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Old 03-14-2014, 09:33 PM   #27
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Quote:
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A year or two later I was involved in a project that had me computing what were then very large synthetic scientific datasets. Out of the blue I received a request from the Chudnovsky brothers asking if I could send them some of the data. They were interested in exploring numerical patterns in semi-random datasets. I sent them the data along with a note telling them how I once wanted to set the record for memorizing pi and how I read about them in the New Yorker.

Somehow the brothers found out that I was attending the Supercomputing 94 conference in Washington DC that year, and they drove down from their NYC home to meet me. They were two of the most fascinating people I have ever met. I felt incredibly nervous speaking with them because they were so brilliant. But they were very gracious too.
Very cool story!
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Old 03-14-2014, 09:46 PM   #28
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Well, the average engineer does not really know much about pure or more abstract math topics. He is taught to handle or process formulas or equations, but is not taught about the fundamentals of mathematics like a math major is. Some of the engineers do take some more advanced math classes when pursuing post-graduate degrees, but not all take the more abstract subjects.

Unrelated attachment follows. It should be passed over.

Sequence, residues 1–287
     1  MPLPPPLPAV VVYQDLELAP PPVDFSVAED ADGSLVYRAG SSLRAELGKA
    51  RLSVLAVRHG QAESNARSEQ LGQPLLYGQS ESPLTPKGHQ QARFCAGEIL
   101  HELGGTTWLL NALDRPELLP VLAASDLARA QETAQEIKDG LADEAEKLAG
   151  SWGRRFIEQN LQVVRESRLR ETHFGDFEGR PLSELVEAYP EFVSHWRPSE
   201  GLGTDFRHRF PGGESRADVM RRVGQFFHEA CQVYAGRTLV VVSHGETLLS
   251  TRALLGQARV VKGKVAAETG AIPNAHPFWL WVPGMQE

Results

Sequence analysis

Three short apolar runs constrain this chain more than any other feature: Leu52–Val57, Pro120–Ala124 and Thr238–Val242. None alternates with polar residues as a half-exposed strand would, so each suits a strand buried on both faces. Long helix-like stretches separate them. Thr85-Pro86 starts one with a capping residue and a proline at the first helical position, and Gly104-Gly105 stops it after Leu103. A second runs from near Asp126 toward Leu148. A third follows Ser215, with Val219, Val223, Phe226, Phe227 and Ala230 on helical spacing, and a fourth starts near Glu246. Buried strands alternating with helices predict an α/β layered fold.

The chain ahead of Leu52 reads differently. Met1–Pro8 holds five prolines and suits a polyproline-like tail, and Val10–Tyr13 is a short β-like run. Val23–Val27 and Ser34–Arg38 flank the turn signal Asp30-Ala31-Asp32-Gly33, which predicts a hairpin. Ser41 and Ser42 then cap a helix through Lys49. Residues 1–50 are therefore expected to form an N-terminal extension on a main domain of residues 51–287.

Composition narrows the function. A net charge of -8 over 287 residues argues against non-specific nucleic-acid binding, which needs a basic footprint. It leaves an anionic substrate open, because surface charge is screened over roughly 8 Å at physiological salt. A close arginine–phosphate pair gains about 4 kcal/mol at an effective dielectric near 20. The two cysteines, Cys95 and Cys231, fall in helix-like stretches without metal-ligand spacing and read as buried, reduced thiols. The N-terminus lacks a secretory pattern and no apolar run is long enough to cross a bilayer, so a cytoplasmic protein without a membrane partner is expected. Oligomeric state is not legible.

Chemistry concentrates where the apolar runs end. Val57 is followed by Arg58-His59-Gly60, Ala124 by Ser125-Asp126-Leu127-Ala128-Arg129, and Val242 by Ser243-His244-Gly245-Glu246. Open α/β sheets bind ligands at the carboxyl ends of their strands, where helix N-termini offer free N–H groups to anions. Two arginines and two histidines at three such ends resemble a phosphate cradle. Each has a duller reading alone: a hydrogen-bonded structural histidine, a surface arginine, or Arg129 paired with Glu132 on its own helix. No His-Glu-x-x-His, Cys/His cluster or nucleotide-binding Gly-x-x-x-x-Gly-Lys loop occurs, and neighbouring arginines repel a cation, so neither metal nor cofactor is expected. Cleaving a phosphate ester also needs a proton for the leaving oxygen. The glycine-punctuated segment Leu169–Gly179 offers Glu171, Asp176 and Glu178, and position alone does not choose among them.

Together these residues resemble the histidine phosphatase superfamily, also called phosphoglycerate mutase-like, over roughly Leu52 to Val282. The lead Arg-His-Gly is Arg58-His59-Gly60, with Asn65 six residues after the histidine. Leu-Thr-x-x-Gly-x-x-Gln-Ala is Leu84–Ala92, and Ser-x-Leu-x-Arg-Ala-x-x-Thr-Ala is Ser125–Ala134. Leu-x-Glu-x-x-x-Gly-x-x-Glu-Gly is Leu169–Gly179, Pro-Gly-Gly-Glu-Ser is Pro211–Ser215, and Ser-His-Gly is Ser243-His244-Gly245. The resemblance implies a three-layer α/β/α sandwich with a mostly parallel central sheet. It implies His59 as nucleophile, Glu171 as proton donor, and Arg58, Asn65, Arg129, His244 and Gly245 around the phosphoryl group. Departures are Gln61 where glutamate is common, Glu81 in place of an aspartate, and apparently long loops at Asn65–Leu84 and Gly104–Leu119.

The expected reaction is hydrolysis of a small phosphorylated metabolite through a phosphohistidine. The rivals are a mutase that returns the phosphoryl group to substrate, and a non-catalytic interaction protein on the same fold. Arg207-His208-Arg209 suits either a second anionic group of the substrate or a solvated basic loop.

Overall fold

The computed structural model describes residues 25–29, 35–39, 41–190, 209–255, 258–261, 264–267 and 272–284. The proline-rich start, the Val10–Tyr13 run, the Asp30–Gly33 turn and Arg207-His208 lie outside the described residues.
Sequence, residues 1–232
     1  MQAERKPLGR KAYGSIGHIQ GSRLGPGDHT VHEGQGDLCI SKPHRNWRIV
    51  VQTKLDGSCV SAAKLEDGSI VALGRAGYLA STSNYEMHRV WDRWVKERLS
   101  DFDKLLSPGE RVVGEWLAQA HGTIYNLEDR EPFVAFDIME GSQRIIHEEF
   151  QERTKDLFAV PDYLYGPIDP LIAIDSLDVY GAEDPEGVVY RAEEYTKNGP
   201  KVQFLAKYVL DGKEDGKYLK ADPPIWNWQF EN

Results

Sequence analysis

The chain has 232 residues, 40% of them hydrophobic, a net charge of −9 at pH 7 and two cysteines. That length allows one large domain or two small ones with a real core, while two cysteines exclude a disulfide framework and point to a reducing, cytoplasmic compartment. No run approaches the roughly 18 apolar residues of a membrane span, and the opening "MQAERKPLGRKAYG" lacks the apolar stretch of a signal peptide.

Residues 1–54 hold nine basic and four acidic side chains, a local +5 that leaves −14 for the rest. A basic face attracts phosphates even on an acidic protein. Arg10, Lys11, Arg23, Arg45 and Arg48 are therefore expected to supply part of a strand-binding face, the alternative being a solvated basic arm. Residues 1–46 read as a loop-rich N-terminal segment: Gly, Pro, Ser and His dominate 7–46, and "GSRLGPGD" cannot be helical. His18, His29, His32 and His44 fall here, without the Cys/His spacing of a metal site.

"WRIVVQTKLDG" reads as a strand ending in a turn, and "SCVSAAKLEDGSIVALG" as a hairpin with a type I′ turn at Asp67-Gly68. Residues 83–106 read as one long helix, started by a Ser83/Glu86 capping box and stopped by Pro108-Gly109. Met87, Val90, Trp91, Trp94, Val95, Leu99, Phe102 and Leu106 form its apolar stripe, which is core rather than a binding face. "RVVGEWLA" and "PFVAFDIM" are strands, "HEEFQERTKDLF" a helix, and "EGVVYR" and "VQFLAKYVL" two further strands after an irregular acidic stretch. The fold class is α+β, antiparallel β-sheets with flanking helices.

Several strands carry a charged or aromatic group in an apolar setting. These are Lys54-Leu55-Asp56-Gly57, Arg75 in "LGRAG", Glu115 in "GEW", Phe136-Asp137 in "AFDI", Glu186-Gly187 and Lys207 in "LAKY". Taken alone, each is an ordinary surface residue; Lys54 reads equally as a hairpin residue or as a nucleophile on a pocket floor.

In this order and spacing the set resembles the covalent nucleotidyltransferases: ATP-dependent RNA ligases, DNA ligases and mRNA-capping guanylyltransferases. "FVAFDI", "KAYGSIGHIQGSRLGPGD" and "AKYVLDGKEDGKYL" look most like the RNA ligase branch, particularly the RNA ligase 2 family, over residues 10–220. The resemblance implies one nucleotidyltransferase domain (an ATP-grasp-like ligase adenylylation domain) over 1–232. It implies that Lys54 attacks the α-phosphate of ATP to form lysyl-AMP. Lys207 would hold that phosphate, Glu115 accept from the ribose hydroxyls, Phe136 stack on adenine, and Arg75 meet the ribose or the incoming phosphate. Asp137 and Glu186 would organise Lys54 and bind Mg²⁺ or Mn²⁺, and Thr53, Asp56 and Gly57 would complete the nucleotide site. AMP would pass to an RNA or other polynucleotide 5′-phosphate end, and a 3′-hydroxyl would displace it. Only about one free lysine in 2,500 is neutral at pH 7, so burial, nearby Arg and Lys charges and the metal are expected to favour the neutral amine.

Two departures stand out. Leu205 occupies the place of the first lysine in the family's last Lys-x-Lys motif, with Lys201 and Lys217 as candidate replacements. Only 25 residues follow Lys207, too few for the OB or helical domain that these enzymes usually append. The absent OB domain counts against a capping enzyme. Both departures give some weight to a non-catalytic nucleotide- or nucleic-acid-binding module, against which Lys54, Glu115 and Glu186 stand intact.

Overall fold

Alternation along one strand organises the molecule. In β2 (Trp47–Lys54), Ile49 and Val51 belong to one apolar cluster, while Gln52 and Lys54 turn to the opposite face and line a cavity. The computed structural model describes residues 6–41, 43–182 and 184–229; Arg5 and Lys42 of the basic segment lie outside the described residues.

I have had problems explaining to engineer coworkers (those with Master or PhD) the principle of cardinality, or in laymen's terms, different levels of infinity of different infinite sets. Heck, they even call "real numbers" the floating point representation of numbers by digital computers, not realizing that computers can only define rational numbers, and actually a very small, meaning finite, subset of all rational numbers, let alone "real" numbers.

I had exposure to these topics in freshman year in college prior to emigrating to the US. The program required an entrance exam, which admitted 15 students from across the nation that year. In that 1st year, we learned Linear Algebra, Abstract Algebra (or the Theory of Numbers), and Real Analysis ("Real" as opposed to "Complex", and not "phony").

Coming to the States, I switched to engineering as it would pay better, plus I already played with electronics since 12, so it was not all that hard. Only in graduate school that I really had to study when dealing with advanced engineering subjects like Optimal Control Theory, Digital Signal Processing, Random Processes and Estimation Theory, Error Correcting Codes, etc...